To assess the efficacy of influenza vaccination in immunocompromised adult liver transplant (LTx) recipients, the serum antibody responses of 61 of these patients and 35 liver cirrhosis patients with those of 45 of their healthy spouses were compared, after one and two vaccinations with a commercial trivalent subunit influenza vaccine. In addition, virus-specific proliferative T-cell responses were measured in LTx recipients and their healthy spouses. In all three study groups, significant rises in geometric mean antibody titers were observed for all three antigens after one vaccination. These titers did not continue to increase significantly after the second vaccination in patients with cirrhosis and control subjects but did rise for LTx recipients. The overall antibody response to all three influenza virus strains proved to be significantly lower in the LTx recipients than in the group of healthy subjects after both one and two vaccinations. More than 68% of the LTx recipients developed hemagglutination-inhibiting serum antibody titers >/=40 against all three vaccine strains after the first vaccination and more than 80% after the second vaccination. These findings correlated with the T-cell responses determined for the group of LTx recipients and healthy control individuals. Testing of the respective serum samples against influenza virus A/Sydney/5/97, which circulated in the 1997-1998 influenza season and showed a considerable mismatch with the vaccine strain A/Nanchang/933/95, indicated that such a mismatch may have significant consequences for vaccine efficacy, especially for LTx recipients. Collectively the data show that LTx recipients can be vaccinated effectively against influenza despite immunosuppressive therapy. A two-dose vaccination regimen improved vaccination efficacy in LTx recipients. Whether transplant patients generally benefit from a two-dose vaccination regimen should be evaluated further.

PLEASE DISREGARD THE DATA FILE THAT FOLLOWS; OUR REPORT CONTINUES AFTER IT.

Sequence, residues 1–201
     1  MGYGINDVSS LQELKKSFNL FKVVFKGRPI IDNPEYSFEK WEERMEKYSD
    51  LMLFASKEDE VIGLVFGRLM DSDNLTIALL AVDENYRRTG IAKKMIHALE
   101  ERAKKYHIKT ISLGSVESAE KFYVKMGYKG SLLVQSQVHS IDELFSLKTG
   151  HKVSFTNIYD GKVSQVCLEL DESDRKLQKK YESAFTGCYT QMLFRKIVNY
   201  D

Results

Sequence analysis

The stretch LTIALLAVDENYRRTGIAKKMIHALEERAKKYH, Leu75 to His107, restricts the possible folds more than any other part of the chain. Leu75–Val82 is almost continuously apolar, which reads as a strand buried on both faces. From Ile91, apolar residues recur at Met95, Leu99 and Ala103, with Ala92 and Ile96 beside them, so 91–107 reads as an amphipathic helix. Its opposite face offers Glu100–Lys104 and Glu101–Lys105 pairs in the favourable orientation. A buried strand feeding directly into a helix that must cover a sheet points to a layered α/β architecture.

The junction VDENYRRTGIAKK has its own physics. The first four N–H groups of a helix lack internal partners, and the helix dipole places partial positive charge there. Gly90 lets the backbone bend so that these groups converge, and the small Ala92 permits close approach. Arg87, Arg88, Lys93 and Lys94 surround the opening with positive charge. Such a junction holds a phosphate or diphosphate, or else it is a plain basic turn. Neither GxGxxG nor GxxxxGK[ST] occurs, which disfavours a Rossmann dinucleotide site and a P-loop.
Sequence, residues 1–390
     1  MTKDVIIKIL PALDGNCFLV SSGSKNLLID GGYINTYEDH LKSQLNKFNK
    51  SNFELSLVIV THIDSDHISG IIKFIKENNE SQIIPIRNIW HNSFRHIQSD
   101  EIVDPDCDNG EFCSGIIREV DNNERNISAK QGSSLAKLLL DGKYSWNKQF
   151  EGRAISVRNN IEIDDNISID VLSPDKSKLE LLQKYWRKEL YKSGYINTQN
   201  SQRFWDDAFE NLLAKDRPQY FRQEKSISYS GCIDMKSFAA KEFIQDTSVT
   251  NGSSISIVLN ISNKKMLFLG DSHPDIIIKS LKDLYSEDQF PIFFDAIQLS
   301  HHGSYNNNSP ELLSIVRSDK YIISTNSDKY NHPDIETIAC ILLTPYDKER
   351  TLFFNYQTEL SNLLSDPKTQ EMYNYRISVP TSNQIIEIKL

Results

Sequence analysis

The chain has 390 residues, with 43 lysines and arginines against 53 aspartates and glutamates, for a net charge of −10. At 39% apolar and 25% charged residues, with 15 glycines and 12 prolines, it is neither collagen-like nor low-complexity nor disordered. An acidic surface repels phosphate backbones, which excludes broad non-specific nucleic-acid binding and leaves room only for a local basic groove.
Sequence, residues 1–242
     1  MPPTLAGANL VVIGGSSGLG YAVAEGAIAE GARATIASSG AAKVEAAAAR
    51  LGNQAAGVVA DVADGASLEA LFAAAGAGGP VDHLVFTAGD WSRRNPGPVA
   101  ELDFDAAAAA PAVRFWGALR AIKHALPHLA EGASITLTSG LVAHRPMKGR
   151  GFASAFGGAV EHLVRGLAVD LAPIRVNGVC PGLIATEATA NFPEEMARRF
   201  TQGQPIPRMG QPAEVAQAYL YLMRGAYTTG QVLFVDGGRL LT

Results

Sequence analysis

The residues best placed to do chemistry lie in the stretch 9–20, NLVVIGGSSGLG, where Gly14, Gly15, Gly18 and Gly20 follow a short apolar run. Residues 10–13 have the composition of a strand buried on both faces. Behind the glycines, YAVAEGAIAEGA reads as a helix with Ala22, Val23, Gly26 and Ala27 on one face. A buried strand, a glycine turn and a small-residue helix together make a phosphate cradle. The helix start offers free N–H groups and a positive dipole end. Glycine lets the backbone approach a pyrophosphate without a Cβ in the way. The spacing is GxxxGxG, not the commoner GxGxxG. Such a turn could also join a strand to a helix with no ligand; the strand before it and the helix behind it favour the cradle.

Copyright 2000 Wiley-Liss, Inc.